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Mosque by David Macaulay


Rating: (Recommended)


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Fine illustration and lucid text combine to present another fine collectable treasure book from the talented David Macaulay: Mosque. Readers of all ages will find something to observe and to learn on these pages. Here’s an excerpt from page 7, the Introduction:

By the middle of the sixteenth century, the Ottomans had built the largest Muslim empire in the world. With superior forces on land and sea, a series of sultans had extended its borders from Algiers in the west to Baghdad in the east, from the outskirts of Vienna in the north to beyond Mecca in the south. With the establishment of military dominance came the inevitable building of trade and cultural links, and with these spread the message of Islam and its five pillars—faith, prayer, charity, fasting, and pilgrimage.

One indication of the empire’s unrivaled power was the phenomenal wealth that found its way into the sultans’ treasury as well as into the pockets of Istanbul’s most influential citizens. For these individuals, however, adherence to the principle of charity was further encouraged by laws that prevented the bequeathing of one’s entire fortune to one’s children. It became a well-established practice, therefore, for the richest members of society to endow charitable foundations to channel their personal wealth into a variety of religious, educational, social, and civic activities. In addition to a new mosque, these foundations would require a number of specific buildings all grouped into an architectural Complex called a kulliye.

All of the great Ottoman buildings of the second half of the sixteenth century either were mosques or belonged to their adjacent kulliyes. Remarkably, most of these buildings were the work of one man, an engineer and architect named Sinan. As chief court architect for almost fifty years, Sinan, along with his assistants, designed and oversaw the construction of buildings, bridges, and aqueducts all across the empire. By the time of his death at the age of one hundred, he had personally served as architect for some three hundred structures in Istanbul alone.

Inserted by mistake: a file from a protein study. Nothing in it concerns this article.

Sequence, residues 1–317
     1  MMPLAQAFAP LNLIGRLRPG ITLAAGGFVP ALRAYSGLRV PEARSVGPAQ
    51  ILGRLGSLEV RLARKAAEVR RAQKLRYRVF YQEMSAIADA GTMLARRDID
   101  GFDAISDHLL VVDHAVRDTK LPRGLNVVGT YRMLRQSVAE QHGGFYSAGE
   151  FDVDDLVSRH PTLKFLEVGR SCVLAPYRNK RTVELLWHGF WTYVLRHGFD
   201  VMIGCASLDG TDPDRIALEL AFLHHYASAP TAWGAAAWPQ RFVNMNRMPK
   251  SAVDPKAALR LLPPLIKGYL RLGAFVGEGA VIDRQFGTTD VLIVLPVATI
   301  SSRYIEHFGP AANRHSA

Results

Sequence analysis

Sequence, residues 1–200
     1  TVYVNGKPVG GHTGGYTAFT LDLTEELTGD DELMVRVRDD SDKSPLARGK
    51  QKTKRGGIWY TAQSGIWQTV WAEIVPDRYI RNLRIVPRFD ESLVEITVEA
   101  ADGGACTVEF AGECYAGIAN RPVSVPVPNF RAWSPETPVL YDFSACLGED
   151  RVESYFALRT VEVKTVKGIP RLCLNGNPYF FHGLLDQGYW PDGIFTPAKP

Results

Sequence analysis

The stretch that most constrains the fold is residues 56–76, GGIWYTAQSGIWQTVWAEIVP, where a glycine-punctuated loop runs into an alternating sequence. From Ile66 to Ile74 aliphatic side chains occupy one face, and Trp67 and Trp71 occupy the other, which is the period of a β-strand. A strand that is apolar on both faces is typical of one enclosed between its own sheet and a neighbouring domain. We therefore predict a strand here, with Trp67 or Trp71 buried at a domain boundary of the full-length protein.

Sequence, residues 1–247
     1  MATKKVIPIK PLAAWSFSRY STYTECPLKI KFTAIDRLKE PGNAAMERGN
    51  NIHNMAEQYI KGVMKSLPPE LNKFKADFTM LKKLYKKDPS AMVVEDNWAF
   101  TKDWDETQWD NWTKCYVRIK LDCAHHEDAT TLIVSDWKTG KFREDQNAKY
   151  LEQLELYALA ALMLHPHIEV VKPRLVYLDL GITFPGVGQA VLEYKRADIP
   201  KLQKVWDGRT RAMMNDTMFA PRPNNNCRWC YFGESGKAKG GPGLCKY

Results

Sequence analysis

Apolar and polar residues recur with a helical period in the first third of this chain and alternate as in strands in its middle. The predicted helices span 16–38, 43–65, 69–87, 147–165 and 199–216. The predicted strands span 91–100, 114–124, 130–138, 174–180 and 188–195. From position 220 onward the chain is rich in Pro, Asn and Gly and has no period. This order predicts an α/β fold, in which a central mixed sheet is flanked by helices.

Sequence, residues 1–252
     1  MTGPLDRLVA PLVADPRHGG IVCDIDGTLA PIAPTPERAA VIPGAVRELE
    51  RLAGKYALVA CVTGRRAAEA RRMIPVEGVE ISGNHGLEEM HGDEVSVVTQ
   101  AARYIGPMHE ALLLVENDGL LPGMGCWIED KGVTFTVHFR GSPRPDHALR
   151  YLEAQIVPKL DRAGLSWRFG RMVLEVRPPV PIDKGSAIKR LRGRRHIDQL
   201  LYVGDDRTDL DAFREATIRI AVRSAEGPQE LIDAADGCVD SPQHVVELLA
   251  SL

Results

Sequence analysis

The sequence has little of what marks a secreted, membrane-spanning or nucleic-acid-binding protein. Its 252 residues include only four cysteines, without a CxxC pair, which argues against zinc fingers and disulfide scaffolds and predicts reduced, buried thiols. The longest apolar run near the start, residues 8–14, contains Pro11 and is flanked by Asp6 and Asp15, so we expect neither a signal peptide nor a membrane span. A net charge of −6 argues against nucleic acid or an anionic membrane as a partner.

By Sinan’s time, the basic form of the Ottoman mosque was well established. It consisted of an open prayer hall—ideally a perfect cube covered by an equally perfect hemisphere-shaped dome, a covered portico, an arcaded courtyard similar in area to the prayer hail itself, a fountain, and a slender minaret (usually more than one if the mosque was built by royalty). Over time the domed cube became the standard form for all the buildings of a kulliye, regardless of their function.

While the high domes and minarets of the various mosques of Istanbul served as beacons for those wishing to pray or simply to find temporary refuge from the chaos of city life, the countless rows of smaller domes belonging to the kulliyes must have provided a reassuring sense of order in the midst of an often disorienting maze of crooked streets and disappearing alleys.

Readers who enjoyed his many earlier books: Castle, Cathedral, City, Mill, and Pyramid, will want to add Mosque to your collection.

Steve Hopkins, May 25, 2004


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The recommendation rating for this book appeared in the June 2004 issue of Executive Times

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